Whipple´s disease is caused by chronic infection with the bacterium Tropheryma whippelii.
Anything else about it´s pathogenesis is less certain, or unclear.
A peroral route of infection is very likely, but the real source of infection is unknown.
Lessons from its epidemiology indicate:
1. Whipple´s disease is rare, but T. whippelii is apparently not rare,
2. Whipple´s disease presents exclusively in adults (>30 years), but not in children and adolescents,
3. Whipple´s disease is much more common in males (70%), than in females (30%),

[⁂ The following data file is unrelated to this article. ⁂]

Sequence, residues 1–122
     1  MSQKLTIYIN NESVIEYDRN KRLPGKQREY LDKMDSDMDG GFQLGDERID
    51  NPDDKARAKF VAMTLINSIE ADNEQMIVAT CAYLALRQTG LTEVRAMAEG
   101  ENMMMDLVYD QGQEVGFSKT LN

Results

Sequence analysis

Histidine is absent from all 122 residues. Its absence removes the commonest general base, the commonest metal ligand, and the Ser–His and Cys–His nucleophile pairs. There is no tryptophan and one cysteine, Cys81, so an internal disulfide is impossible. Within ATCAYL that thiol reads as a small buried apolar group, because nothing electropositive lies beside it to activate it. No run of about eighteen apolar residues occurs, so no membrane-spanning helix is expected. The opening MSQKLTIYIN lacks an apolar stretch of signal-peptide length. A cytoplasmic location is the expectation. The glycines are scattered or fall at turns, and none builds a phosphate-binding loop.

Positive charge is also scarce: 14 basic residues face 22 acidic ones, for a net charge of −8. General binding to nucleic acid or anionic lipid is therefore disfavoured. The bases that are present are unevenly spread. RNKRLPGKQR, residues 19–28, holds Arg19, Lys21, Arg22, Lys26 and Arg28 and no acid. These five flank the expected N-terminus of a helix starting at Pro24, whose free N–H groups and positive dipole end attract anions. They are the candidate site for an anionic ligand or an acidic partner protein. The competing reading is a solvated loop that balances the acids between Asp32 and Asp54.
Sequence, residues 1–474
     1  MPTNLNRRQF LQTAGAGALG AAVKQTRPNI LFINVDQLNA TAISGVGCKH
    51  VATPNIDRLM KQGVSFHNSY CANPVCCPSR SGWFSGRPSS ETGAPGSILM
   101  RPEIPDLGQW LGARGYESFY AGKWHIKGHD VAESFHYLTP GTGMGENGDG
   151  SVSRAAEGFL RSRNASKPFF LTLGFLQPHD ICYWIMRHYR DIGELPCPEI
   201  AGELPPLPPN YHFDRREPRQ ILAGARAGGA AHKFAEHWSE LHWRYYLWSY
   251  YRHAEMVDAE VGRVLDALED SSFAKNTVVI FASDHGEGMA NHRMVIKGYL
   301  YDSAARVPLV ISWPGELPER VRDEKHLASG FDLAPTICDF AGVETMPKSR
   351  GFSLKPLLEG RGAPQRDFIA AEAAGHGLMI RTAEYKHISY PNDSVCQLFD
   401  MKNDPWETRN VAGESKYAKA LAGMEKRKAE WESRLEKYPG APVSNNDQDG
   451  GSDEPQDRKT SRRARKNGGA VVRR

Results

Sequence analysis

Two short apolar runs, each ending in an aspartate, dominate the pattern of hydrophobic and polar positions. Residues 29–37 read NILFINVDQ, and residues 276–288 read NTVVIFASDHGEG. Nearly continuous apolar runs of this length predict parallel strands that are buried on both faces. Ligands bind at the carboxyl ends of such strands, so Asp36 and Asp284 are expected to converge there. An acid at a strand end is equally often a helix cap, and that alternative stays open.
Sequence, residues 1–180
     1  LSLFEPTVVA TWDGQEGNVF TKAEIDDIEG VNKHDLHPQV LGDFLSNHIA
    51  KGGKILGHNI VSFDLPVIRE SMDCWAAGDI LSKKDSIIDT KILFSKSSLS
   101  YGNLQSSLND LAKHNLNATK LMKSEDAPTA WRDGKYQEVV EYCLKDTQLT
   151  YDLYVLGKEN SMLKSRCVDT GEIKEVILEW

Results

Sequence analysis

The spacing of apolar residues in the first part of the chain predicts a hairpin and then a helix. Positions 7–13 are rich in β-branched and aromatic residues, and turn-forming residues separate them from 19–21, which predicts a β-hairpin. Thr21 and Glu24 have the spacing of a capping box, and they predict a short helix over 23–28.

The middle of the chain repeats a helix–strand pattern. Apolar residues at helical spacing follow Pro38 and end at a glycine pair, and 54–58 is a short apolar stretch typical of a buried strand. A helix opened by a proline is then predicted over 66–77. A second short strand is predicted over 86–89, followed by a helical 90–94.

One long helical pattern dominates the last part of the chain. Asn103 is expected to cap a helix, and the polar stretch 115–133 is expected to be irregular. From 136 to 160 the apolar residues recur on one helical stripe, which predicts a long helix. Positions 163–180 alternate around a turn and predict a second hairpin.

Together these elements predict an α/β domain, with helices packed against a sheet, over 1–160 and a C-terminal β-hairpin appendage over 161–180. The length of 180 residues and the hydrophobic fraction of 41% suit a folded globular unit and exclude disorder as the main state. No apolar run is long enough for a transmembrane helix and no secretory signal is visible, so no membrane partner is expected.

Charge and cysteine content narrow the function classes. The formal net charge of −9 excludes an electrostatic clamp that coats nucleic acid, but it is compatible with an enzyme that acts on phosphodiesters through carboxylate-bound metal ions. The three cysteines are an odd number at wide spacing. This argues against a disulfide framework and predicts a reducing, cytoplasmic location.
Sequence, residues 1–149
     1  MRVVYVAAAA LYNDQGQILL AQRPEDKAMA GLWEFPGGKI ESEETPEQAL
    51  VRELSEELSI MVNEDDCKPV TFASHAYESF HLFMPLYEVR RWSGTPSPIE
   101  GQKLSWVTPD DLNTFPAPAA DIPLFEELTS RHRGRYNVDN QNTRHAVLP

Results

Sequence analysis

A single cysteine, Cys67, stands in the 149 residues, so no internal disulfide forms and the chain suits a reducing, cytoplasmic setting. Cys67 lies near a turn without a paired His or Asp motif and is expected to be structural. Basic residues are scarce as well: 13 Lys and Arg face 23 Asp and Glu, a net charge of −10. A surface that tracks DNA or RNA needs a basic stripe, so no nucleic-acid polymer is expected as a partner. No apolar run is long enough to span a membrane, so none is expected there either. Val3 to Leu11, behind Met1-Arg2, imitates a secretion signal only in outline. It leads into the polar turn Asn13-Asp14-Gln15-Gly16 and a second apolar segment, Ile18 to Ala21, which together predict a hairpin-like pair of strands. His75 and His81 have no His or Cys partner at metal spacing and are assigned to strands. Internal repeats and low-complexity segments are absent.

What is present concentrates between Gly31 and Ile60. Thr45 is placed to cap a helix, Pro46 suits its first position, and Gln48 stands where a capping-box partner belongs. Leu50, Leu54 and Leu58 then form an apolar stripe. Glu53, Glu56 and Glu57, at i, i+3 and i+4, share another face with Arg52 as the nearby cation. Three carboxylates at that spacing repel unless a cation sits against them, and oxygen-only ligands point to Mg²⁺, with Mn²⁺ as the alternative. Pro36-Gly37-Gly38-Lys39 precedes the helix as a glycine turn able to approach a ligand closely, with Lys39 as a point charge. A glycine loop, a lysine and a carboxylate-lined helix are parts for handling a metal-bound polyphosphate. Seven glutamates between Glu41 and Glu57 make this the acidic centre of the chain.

4. There are no concurrent infections in relatives of patients,
5. There are no concurrent infections in unrelated partners of patients.
Together, these aspects are in favour of an
acquired individual disposition, but militate against a genetic background of Whipple´s disease.
Possibly there is an acquired immunological deficiency. In fact, various immunologial deficits were observed (see table), but in more than just one type of immune cells.
Meanwhile, experimental studies on the infection biology